That’s because North Dakota is home to the nation’s only state-owned bank, created in 1919 following a tide of farm foreclosures. The bank, with state revenues as its primary deposit base, leverages capital to lend directly or through partnering with community banks to promote development of commerce, agriculture and industry in the state, whose population of slightly less than 700,000 is about one third the size of metropolitan Cleveland’s.

The North Dakota bank makes loans to local businesses, farmers, college students and others. By partnering with the state bank, local banks can expand their loan portfolios, make bigger loans, retain customers and better compete with the big Wall Street banks. And the interest payments which go to the state bank could be used for additional lending as well as to reduce state taxes.

How exactly would public banks accelerate sustainability efforts though? According to a fact sheet  prepared by green-conscious organizers for a proposed public bank in the District of Columbia in the nation’s capital, public banks can help re-localize goods and services within a local economy thus reducing a community’s dependence upon global trade and its high energy costs. And these public banks can invest in infrastructure for electric vehicles, building efficiency improvements, small organic farms and local food distribution systems and community composting and recycling programs.

North Dakota, incidentally, has the lowest unemployment rate in the country and is the only state to have a significant budget surplus every year since the financial crash of 2008, while most states currently have budget shortfalls, according to the California-based Public Banking Institute, which also says that legislation to create a state-owned bank or study the idea has been introduced in about a third of the states since 2010. Ohio is not one of them.

However, at the request of Ohio Rep. Nan Baker the Ohio Legislative Services Commission studied the North Dakota model last year, comparing it with current lending programs in Ohio. The commission's cursory report suggests that a state bank in Ohio, with all state money deposited in it, would adversely affect financial institutions which now act as public depositories for state funds. But the report does note that the Bank of North Dakota has transferred $555 million in profits to North Dakota’s general fund since 1945. (Over the last decade the amount transferred into the general fund has increase to about $30 million a year).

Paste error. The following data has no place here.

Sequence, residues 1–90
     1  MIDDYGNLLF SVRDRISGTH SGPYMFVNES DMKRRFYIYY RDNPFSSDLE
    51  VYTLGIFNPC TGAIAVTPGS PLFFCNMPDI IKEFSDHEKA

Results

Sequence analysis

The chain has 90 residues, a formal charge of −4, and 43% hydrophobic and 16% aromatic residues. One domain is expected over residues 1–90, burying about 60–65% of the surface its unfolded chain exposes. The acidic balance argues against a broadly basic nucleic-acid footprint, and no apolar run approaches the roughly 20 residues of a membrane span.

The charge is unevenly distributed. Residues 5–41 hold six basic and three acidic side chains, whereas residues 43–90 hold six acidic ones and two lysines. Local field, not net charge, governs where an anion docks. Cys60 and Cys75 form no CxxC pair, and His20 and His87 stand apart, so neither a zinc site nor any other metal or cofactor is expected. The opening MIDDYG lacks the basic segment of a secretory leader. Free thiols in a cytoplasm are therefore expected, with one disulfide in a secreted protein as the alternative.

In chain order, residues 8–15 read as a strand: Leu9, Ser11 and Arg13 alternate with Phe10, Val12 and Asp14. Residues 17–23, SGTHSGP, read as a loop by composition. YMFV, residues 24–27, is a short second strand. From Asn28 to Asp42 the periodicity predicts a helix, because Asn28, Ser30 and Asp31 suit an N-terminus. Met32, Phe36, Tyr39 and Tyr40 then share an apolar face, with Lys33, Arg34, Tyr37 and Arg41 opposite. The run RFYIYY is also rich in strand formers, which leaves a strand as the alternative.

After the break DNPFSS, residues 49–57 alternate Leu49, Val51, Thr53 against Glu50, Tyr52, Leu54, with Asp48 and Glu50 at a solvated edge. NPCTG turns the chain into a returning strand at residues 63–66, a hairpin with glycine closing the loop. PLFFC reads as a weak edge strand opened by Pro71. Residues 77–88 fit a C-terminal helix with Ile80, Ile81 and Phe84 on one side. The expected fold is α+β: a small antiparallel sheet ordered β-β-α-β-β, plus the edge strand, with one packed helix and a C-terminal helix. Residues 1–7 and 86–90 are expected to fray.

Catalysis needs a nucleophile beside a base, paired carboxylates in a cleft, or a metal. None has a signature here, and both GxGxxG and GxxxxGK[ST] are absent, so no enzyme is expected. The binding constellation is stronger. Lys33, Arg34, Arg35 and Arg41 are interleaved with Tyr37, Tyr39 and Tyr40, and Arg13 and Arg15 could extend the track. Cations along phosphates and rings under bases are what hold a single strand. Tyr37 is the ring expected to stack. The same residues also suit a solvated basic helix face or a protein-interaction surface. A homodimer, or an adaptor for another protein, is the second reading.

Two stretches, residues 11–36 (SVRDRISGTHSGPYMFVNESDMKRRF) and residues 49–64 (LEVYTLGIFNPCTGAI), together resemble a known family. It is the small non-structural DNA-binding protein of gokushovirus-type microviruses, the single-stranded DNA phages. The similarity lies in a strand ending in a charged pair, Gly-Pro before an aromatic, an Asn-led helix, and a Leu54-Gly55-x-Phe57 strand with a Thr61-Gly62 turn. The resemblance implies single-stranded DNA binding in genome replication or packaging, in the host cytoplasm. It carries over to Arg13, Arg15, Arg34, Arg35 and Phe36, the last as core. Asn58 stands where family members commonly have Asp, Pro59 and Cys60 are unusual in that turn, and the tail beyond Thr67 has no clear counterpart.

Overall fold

The recently formed Public Banking Institute is promoting creation of public banks in states, counties and cities across America and kicked off this effort with its first national conference in Philadelphia in April.  The institute sees public banks as a way to increase government revenues and reduce the pressure for tax increases as the nation confronts the economic crises in the U.S. states. 

With the public banking movement gaining momentum, many Americans have been moving their deposits from large commercial banks into community banks. According to the Move Your Money Project, an estimated 10 million accounts have left the largest banks since 2010 while credit union assets rose above $1 trillion this year for the first time ever. And as part of re-localizing our economies, Americans could also divert their investments from Wall Street, which total an estimated $30 trillion, into such ventures as investing in local enterprises and start-ups, upgrading their homes and otherwise financially supporting community sustainability efforts.